And, you're right about the bodies, too.  A legitimate .007 should be the minimum.  Some of the wafer-thin bodies today can rip just by the turn marshal picking up the car.  

 

Running the same classes as the state series was a BIG part of our success at SCR&H. But we had the advantage opening "fresh" and being able to choose those rules without asking racers to change what they already had.  Better watch your KISS idea .... you're getting close to advocating rules and parts lists like there was back in the old My Series days.   :)

 

 

 

Been there done that. All money does is kill the racing and brings out the evil in people. I walled my own team mate back in the day for $$$.

Besides it winds up with the same guys taking the money each week. The geeks figure that out pretty quickly and stop coming.


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At SCR&H (and in My Series) we adopted Bill Pinch's idea of paying back 40% of the purse to the whole field through a blind draw.  Winning the race just got you first draw.  You might have won $2.  You might have won $6. The payback was in Track Bucks so it meant guys usually spent a little extra on top of what they won.  AND ... some of our loyal customers who didn't really need the Track Bucks would give them to a kid who had helped turn marshal.  It's the only way I've ever seen a track payout not cause the hard feelings that otherwise come out.

 

Shoot ,,,, I think Kyle (aka JAR) walled his teammates DZ & Biscuit just for the hell of it. :)

 

 

 

The more I think about it, stock car seems like it would be reasonable to turn into a spec class. A spec car with a sealed motor and minimum weight on the ovals really should give everyone a chance to win. It might even lure some of Ed's FCR racers over to give flexis a try.

 

Aaron ... I nominate you to be the Flexi Racing "Voice of the People."  Make it happen!!


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#45 gatormark

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Posted 27 November 2019 - 07:14 AM

Not one mention of a class that would allow kids at the local track to compete.....HERES YER SIGN.
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#46 tonyp

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Posted 27 November 2019 - 07:19 AM

Not just kids, but anyone new to flexi racing.
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#47 Eddie Fleming

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Posted 27 November 2019 - 08:08 AM

How about working in one race where no drivers in the race have won a regular race in say a year?


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#48 John Streisguth

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Posted 27 November 2019 - 08:53 AM

"Not one mention of a class that would allow kids at the local track to compete.....HERES YER SIGN." " Not just kids, but anyone new to flexi racing. "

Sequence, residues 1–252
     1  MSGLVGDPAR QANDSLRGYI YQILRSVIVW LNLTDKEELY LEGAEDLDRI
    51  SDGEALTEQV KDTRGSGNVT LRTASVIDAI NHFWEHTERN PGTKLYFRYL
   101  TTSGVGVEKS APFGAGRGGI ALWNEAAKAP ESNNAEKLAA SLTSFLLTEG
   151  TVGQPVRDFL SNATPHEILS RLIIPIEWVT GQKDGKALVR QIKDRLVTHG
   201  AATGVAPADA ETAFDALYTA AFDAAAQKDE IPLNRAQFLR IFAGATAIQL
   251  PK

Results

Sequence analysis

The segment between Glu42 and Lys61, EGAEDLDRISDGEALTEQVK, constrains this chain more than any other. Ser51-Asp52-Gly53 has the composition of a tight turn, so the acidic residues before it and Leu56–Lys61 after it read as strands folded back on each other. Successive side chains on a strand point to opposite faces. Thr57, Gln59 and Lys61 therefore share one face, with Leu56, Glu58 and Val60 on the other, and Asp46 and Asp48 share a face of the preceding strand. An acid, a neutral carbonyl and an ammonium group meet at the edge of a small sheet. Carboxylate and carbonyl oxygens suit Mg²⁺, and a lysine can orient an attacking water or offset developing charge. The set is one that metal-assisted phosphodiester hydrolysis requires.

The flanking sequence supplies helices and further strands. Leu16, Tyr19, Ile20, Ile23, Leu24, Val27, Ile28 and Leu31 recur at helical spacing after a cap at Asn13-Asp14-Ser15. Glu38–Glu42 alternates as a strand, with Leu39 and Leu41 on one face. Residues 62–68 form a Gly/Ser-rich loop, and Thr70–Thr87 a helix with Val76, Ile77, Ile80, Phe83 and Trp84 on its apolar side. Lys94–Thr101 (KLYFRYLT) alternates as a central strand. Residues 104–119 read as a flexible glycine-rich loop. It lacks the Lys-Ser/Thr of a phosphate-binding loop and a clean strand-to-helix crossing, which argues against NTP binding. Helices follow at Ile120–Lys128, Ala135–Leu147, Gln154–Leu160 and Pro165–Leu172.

Actually, I did...simple rules, limited choices.  Maybe for a beginner class use a lower power motor, like a Hawk 25.  Less crashing = more fun.  Everyone wants to go faster, that just increases the separation between the experienced racers and the new ones.  

At a recent Penn-Jersey race, in the "Cup" class that uses Grp 12 motors, I think about half the field didn't finish the race.  Yeah, they're fast, but the wrecks are more frequent and more destructive than the simple "truck" class that uses one chassis, and one motor that's fast enough to be fun (4002FK).


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#49 MSwiss

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Posted 27 November 2019 - 09:15 AM

You've been giving good advice, John.

 

The JKC21 is a great workhorse chassis, and it has morphed effortlessly, into my weekly GTP racing racing, which just used to allow "surplus" JK, all steel, all original thickness, C7 chassis.

 

Whether it's a good chassis for the serious guy, for a series, vs. weekly races, is up for debate.

 

But the C21 certainly should be the choice for anything beginner, or kid oriented.

 

And yes, if you can't turn the power down, use a sensible motor, speed wise.

 

I think the IRRA® is going strong, after 13 years, by not overpowering the cars, along with maintaining weight minimums, and .010" bodies.


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Mike Swiss
 
Inventor of the Low CG guide flag 4/20/18
IRRA® Components Committee Chairman
Five-time USRA National Champion (two G7, one G27, two G7 Senior)
Two-time G7 World Champion (1988, 1990), eight G7 main appearances
Eight-time G7 King track single lap world record holder

17B West Ogden Ave., Westmont, IL 60559, (708) 203-8003, mikeswiss86@hotmail.com (also my PayPal address)

Note: Send all USPS packages and mail to: 5858 Chase Ave., Downers Grove, IL 60516


#50 John Streisguth

John Streisguth

    Johnny VW

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  • Location:Bangor, PA

Posted 27 November 2019 - 11:53 AM

No truer statement than that last sentence.  


"Whatever..."